Friday, May 1, 2015

Flashback Friday: Joe Carter's "Milk's a Hit" Commercial


Everyone knows that milk does a body good. And if you want to grow up to be big and strong and become a baseball player just like Joe Carter, you need to get your daily glass of milk. How many parents said that during the 90's?

A mighty hat tip to Retrontario for unearthing this beauty from 1993 - the focus of this week's Flashback Friday feature, it's Joe Carter's famous "Milk's a Hit" Commercial.

The ultimate goal for this campaign was just to get kids to drink more milk, and of course the allure of having Joe Carter as a spokesperson probably helped. So how did the whole campaign go down? Here's a brief summary via Strategy Online:

"Carter urges viewers to drink a glass of milk immediately and then call a toll-free telephone number for a chance to win prizes and be entered into a sweepstakes.

When the toll-free number is called, Carter’s recorded voice answers. An announcer takes over and asks the caller about the glass of milk they just poured and to leave their name and phone number.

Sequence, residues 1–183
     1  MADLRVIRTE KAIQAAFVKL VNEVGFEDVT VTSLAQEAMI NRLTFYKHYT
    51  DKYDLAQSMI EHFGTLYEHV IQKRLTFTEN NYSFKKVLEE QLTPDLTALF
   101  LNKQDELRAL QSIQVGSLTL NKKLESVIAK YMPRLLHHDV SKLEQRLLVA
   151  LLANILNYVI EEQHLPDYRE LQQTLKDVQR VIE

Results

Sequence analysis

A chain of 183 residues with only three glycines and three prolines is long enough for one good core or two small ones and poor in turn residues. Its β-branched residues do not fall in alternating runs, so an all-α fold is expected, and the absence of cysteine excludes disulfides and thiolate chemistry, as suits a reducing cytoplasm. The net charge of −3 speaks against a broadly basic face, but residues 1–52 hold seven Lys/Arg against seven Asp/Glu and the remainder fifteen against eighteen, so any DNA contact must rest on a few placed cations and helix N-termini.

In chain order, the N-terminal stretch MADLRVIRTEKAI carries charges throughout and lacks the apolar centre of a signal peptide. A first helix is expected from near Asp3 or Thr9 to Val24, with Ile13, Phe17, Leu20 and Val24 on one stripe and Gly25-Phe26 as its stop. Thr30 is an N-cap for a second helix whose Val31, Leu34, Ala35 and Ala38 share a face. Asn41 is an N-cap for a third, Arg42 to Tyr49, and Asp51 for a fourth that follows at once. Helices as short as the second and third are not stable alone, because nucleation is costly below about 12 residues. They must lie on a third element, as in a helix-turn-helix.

Every time the spot airs, the system randomly awards prizes such as Hitachi tvs and stereos, Bauer in-line skates, Kodak cameras, Rocky Mountain bicycles and 200 baseballs autographed by Carter.

The caller is also entered into the grand prize draw for a Jeep YJS Soft Top."
Just for fun, I tried to call the 1-800 number, but unfortunately it was not in service. But wouldn't it be cool if it still was?

Tuesday, April 28, 2015

Is This Too Much Too Soon for Miguel Castro & Roberto Osuna?


It's almost inevitable for a young team to experience some growing pains. The Toronto Blue Jays have a flurry of young players on the roster right now, and while some are flourishing under the spotlight, others have been floundering.

At 11 and 9 appearances a piece, Miguel Castro and Roberto Osuna are being used like veteran relievers in medium-to-high leverage situations. Castro is tied for the most appearances in the American League, and Osuna is not far behind.

But is this all too much too soon for the pair of twenty year-old rookies? Has John Gibbons already flown too close to the sun by using Miguel Castro and Roberto Osuna so frequently?

Castro and Osuna started off the season initially as weapons stashed away in the Blue Jays' bullpen. But now that they've both gotten into nearly ten games each, the word is officially out on Castro and Osuna.